I only remember one occasion when I actually stated what I would like for Christmas. Every other year I simply said ‘I’d like a surprise’. I was generally quite happy with whatever I had at the time. Having only one TV channel and no toyshop catalogues meant that I wasn’t too aware of what else was out there. Most of my play was outdoors building forts, making things, cutting up the new lino (sorry Ma) and generally getting up to mischief. Don’t worry I’m not going to go into an Angela’s Ashes or Bill Cullen ‘we were so poor…’ kind of a tale.

I only remember a handful of the Christmas presents I received as a young boy (not too long ago :)). One of the surprise presents I received one Christmas morning when I was 14 was a Prince August Soldier Making Kit. There were four moulds in the kit. Two for infantry, one for cavalry and one for a cannon. To make the pieces you melted lead and poured into the rubber moulds which were clamped together.

It didn’t take me long to use up the lead that was supplied. Luckily at the time my Father had a roll of lead that would have been used in construction work. Having an endless free supply of raw material I decided to go into business for myself. I don’t know if it was my idea or if someone suggested it, but I began my first self employed venture.

I had the product. I set the price at 10p for infantry pieces, 15p for cavalry (you got a horse) and 20p for a cannon (the wheels worked). The place where I sold them was in the small sweet shop we had attached to the pub. The promotion was via a large A3 size poster I made saying ‘Create Your Own Battles, Recreate History’.

I was never really into playing with small toy soldiers myself, but I knew others who were. So it was worth a try. I sold the lead pieces unpainted. It was too time consuming to hand paint each individual piece. Anyway “who was I to choose the colour of your army? You’ll have much more fun painting them yourself”.

As is always the case, there were a couple of casual buyers and a couple of fervent collectors. Although I didn’t know what it was called at the time, Pareto’s Principle (the 80-20 rule) was certainly in place. I rewarded the big spenders by keeping the best unblemished pieces for them. Money given for sweets was being diverted into unique handmade collectibles and miniature armies were growing under beds in the village.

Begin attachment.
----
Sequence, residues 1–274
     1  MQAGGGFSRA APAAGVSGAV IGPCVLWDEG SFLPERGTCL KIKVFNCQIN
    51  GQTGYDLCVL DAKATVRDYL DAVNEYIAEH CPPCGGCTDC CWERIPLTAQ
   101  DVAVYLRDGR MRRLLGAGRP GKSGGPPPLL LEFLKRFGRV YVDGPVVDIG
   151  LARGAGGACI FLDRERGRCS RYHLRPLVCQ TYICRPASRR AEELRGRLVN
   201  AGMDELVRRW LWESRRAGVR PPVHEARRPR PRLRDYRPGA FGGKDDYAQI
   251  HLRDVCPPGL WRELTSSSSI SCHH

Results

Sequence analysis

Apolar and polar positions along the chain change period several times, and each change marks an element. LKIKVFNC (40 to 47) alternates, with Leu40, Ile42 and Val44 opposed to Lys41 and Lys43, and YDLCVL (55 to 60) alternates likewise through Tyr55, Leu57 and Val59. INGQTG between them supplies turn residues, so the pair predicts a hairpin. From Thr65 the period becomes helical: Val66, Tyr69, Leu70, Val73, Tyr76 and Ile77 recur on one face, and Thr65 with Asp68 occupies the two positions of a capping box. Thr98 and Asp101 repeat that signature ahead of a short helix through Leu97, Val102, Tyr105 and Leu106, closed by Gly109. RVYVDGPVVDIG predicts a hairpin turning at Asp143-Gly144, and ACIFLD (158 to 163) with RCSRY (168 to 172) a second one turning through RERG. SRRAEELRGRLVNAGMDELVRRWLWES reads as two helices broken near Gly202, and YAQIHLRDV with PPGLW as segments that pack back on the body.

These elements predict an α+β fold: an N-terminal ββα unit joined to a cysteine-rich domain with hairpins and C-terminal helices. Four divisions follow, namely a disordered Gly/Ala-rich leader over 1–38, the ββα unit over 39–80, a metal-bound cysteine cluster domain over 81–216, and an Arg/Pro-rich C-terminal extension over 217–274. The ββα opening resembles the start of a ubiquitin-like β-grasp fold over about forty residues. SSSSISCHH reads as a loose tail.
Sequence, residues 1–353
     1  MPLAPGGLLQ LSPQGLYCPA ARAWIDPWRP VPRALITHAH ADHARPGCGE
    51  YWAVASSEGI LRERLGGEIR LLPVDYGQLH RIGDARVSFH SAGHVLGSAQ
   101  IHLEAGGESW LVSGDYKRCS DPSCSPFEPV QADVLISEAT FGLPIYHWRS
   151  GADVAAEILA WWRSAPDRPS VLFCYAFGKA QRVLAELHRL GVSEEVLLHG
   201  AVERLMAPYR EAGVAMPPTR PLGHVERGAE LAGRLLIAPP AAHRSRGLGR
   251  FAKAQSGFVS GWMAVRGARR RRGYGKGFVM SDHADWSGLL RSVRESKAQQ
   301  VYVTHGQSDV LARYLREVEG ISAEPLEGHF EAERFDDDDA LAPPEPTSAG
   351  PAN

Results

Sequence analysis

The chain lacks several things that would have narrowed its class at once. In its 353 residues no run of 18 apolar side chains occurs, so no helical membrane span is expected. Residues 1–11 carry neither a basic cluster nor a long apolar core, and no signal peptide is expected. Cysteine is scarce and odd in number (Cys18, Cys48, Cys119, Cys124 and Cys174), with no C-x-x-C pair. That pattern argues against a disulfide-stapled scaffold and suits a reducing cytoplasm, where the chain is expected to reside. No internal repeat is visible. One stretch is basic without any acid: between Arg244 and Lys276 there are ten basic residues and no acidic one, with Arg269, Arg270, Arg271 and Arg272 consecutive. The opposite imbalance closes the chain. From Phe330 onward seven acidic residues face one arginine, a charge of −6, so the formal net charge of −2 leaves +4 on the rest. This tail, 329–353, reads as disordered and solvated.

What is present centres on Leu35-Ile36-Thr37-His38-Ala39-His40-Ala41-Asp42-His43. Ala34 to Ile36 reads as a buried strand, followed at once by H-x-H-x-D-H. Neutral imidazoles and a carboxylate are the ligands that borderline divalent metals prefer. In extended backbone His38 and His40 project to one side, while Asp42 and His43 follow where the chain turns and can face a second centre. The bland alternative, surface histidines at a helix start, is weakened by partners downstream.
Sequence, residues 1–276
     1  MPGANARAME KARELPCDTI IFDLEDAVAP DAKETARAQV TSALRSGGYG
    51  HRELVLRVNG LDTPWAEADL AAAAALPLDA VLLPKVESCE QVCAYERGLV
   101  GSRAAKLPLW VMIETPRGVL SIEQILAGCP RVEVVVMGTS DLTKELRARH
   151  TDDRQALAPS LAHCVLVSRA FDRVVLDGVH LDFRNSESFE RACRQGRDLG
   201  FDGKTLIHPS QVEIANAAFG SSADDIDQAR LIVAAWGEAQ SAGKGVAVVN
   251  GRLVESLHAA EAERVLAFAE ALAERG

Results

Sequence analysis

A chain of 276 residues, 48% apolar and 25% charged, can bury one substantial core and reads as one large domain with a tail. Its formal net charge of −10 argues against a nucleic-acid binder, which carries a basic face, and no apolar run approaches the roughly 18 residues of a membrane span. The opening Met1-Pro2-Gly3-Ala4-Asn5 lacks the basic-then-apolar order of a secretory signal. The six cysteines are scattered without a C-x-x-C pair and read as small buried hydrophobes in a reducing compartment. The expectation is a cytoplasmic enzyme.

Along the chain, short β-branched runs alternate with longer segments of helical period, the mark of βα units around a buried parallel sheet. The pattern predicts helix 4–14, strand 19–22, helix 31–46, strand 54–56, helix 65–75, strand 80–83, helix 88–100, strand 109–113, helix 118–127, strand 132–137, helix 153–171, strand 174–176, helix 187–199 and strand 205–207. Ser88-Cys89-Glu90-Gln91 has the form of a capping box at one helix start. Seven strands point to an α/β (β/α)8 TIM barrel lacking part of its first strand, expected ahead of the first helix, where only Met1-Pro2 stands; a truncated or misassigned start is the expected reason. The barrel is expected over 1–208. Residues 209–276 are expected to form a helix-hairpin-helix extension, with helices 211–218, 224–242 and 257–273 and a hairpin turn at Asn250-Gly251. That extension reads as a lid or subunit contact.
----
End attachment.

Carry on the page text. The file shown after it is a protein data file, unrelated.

I was rolling in the dough, fast cars, loose women, exotic holidays……well, maybe not. I was ok at saving, helped in no small part by the fact I lived over a sweet shop! I’m not exactly sure why I stopped selling the soldiers. Maybe the buyers found some new craze. Maybe the moulds were on the verge of disintegrating from constant exposure to molten lead. Maybe I just got fed up of it and wanted something new. Probably a combination of all of the above. Anyhow a new opportunity presented itself.

A farmer who drank in our pub had some baby pigs (bonhams) for sale for £25.  The sow had a litter of around 10-12 bonhams. I did the maths. 10 bonhams at £25 each was equal to 2,500 lead soldiers at 10p each.

I was going to go into pig breeding!

But that’s a post for another day. I guess the idea of this post is to encourage the buying of gifts that encourage kids to create something, to make something, to build something, to bring out their imagination. Encourage them to start their own little micro enterprise. Let them learn, let them succeed, let them fail, just let them at it.

Have you any memories of presents that brought out the best in you or that taught you a lesson?


4 Replies

  1. Turning 1 into 2 it’s a great concept. I grew up in a mom and pop store near Boston, back in the day, when hard work and saving mean’t you were a little better off with each step you took.

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